Abu Taher, 20 from Limehouse in Tower Hamlets, is currently working as an apprentice in the IT department and is based at the Tower of London.
“The apprenticeship at Historic Royal Palaces is helping me progress in becoming a professional technician in the IT industry, Everyday a new challenge arises and it is always interesting, from simple issues to complex problems.
“Initially I had been interested in becoming a web developer, however the apprenticeship covers stuff which I am passionate about and has shaped my career plans.”
Dan Hawkins, 23 from Essex, completed a Visitor Service Apprenticeship, earning an NVQ level 2 in Cultural Heritage and Venue Operations. He now works full-time at the Tower of London as a Team Leader.
“I was based at the Tower of London for my apprenticeship, and the programme gave me valuable work experience and skills in customer service, storytelling, retail sales and planning and organising functions and events. Upon completing my apprenticeship I stayed on at the Tower of London, using the skills that I had acquired to help benefit the Warding Group. This involved training and mentoring my fellow colleagues and the new apprentices. In 2015 I was successful in my application for my current role of Jewel House Team Leader.”
“Where I am today all started with being an apprentice and getting my foot in the door, so I would recommend the apprenticeship to everyone looking for a great opportunity to develop and succeed.”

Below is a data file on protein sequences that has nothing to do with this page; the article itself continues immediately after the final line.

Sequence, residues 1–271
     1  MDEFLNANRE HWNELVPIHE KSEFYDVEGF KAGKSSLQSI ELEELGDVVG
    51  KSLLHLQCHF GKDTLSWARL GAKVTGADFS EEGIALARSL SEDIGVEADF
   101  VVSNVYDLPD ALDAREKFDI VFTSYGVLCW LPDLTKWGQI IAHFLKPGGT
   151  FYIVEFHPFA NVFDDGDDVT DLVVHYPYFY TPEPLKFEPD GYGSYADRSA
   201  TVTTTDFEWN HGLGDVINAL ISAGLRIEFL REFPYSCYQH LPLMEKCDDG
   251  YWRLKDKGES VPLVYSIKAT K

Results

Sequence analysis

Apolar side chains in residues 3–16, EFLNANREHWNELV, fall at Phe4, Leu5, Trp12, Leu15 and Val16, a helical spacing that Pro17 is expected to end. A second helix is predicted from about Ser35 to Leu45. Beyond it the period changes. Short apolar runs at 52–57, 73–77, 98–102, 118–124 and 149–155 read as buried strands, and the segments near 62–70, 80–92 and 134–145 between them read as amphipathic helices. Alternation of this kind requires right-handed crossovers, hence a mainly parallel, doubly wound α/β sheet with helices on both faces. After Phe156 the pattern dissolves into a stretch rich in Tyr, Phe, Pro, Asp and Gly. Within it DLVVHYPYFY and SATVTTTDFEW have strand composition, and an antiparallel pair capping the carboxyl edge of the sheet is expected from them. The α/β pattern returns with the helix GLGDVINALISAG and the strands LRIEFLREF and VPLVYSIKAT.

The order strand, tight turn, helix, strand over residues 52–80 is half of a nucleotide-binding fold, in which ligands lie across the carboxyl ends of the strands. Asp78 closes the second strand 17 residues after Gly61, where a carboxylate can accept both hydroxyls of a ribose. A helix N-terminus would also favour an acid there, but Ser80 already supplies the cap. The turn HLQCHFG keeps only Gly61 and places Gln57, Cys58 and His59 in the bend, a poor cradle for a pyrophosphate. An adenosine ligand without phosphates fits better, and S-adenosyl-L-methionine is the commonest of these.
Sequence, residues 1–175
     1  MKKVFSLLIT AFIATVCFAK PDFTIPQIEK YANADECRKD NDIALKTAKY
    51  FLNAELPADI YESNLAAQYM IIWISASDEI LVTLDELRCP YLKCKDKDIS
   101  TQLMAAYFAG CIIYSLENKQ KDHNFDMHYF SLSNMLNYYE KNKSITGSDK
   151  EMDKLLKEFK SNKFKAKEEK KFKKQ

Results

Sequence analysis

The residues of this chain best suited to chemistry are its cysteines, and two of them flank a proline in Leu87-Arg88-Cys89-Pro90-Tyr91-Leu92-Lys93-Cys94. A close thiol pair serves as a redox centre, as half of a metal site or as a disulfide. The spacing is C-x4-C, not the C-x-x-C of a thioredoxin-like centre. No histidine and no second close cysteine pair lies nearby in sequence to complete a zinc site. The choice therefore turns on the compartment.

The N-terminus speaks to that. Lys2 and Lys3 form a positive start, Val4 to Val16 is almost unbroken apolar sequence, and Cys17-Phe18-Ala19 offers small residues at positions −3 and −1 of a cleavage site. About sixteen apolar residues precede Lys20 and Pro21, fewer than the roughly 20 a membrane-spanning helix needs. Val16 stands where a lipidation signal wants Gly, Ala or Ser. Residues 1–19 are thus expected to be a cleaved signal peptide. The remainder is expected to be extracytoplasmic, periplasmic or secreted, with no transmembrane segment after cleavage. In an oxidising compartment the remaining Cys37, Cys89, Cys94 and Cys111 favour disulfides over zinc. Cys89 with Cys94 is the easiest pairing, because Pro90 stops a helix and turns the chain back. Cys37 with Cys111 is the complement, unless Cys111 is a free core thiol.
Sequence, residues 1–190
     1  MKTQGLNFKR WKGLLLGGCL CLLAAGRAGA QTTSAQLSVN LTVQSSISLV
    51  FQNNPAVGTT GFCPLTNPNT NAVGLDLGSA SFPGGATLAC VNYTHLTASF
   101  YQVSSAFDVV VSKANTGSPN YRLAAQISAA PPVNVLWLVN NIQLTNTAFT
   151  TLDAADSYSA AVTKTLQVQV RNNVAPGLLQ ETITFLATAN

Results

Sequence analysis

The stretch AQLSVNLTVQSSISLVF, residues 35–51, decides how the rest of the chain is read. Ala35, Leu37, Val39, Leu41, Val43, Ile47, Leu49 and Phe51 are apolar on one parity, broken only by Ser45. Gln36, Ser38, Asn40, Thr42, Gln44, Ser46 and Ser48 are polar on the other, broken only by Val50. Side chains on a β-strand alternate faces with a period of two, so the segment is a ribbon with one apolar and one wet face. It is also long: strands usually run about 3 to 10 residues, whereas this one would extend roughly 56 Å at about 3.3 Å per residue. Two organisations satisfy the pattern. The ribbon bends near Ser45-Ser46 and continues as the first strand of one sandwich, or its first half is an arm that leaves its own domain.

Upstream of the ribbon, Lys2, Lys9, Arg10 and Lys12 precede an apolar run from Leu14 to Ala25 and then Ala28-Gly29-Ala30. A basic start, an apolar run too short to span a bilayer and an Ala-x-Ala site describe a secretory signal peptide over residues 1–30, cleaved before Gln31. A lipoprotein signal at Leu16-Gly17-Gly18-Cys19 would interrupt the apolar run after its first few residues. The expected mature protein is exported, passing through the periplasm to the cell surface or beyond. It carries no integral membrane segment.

Jennifer Burtenshaw, 22 from Surrey completed an apprenticeship within the Gardens and Estates team from 2013-2015 and is now working as a Skilled Gardener at Hampton Court Palace.
“Working in any garden is a varied job; a typical day could consist of planting, seed sowing, weeding, harvesting, pruning or compost turning. I really enjoyed interacting with visitors - it's really satisfying to share techniques and advice with other keen growers who visit, or introduce people who are new to horticulture to the basics of food production.
“An apprenticeship in the tourism sector is a great way to learn different skills, and offers a wide range of opportunities for different interests. There's no better way to learn a job than to get stuck in and earn a formal qualification at the same time. Working alongside people who know and love the industry is priceless because you learn so much from them.”
For more information or images, please contact Pauline Stobbs at the Historic Royal Palaces Press Office: 020 3166 6340 or firstname.lastname@example.org
Notes to Editors
Historic Royal Palaces is the independent charity that looks after the Tower of London, Hampton Court Palace, the Banqueting House, Kensington Palace, Kew Palace and Hillsborough Castle. We help everyone explore the story of how monarchs and people have shaped society, in some of the greatest palaces ever built. We raise all our own funds and depend on the support of our visitors, members, donors, sponsors and volunteers. With the exception of Hillsborough Castle, these palaces are owned by The Queen on behalf of the nation, and we manage them for the Secretary of State for Culture, Media and Sport. Historic Royal Palaces cares for Hillsborough Castle under a separate contract with the Northern Ireland Office. Registered charity number 1068852. For more information visit www.hrp.org.uk